LAND O'LAKES — Pasco County School Board member Kathryn Starkey read over the number-filled spreadsheet and sighed.
"Oh, you cannot cut middle school athletics," Starkey said, shaking her head. "These are all so difficult."
But neither Starkey nor any of her board colleagues questioned the need to consider major reductions to next year's school district spending plan. With district budgeting staff projecting revenue shortfalls of $50 million or more, cuts are a given.
No one even bothered to say "nothing is off the table" the way someone usually does. That, too, is taken for granted in this third consecutive year of budget slashing.
Instead, superintendent Heather Fiorentino simply stressed that "nothing is final" on the three-page list of possibilities that she distributed Tuesday afternoon. "It's just ideas."
• Cut middle school sports, $427,442.
• Give up one school-related employee per school, $1,713,211.
• Eliminate courtesy bus routes, $400,000.
• Eliminate art and music programs, $7,973,381.
• Eliminate instructional technology specialists, $4,306,464.
• Reduce salaries by 1 percent, $3,334,864.
Other items on the list that still need updated figures attached to them include eliminating Learning Focused Strategies planning, collapsing or merging schools, scaling back the adoption of instructional materials and having all middle and high school teachers provide instruction during all six periods a day instead of getting one off for planning.
Board chairman Allen Altman, long a stickler for setting spending priorities early, noted that the decisions won't be easy. In fact, he said, the choices probably will be made more difficult because the state's share of federal stimulus funding for education runs out after next year.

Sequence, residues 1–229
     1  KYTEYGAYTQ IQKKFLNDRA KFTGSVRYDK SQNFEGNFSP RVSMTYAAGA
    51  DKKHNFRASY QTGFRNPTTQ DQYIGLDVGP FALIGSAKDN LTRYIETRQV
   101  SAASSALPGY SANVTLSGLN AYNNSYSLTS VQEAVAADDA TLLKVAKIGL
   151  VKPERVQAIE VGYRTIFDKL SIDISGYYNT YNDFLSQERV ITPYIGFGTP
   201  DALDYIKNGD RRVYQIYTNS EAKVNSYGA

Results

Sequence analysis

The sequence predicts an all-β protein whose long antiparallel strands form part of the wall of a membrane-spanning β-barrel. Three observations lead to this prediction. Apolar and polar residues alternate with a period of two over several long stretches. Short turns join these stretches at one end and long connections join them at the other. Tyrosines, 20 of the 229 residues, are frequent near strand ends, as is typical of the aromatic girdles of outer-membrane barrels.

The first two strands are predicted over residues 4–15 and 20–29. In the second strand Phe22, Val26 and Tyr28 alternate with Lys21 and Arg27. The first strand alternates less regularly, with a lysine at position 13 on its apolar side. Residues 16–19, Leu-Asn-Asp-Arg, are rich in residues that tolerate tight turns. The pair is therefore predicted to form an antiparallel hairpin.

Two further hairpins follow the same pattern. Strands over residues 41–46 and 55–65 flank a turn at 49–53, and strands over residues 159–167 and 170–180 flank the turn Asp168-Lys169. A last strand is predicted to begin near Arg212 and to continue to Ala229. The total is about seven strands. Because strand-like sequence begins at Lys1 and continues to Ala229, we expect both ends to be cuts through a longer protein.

That's another $23 million hole the district will face.
"It could impact which of these that we do this year," Altman said, referring to the administration's list.
Vice chairwoman Joanne Hurley suggested that the board and staff create a two-year spending priority plan, taking into consideration chief financial officer Olga Swinson's reminder that cuts already in place from past years — such as eliminated positions — can't be made again.
"We need the worst case scenario for the next two years," Hurley said.
As if to help, district government affairs supervisor Summer Romagnoli detailed some of the items moving through the Florida Legislature that are likely to pass and affect school districts.
She informed the board of bills that would require local districts to develop exams to use for evaluating teacher performance, change the funding support for charter schools and reduce student funding levels for career education courses, among other things.
Those are the smaller items that could make the district's financial position even worse, Fiorentino said.
Fiorentino said some of the items on her three-page list of ideas are not ones she is likely to recommend. Four-day school weeks would disrupt learning, she said, while eliminating art and music programs would make it more difficult for the district to meet the 2002 class size reduction amendment.
Having secondary-level teachers instruct six periods a day instead of five would save money and help in meeting class size rules, she said, adding quickly that the concept — along with many others on the list — would require buy-in from the United School Employees of Pasco. That could be a tough sell.
She said a "speakers bureau" is preparing to go into the district to explain the current financial picture to employees, while a budget committee convened by Fiorentino and USEP president Lynne Webb will again meet in the coming month to hash through some of these issues.
Jeffrey S. Solochek can be reached at email@example.com or (813) 909-4614. For more education news, visit the Gradebook at blogs.tampabay.com/schools.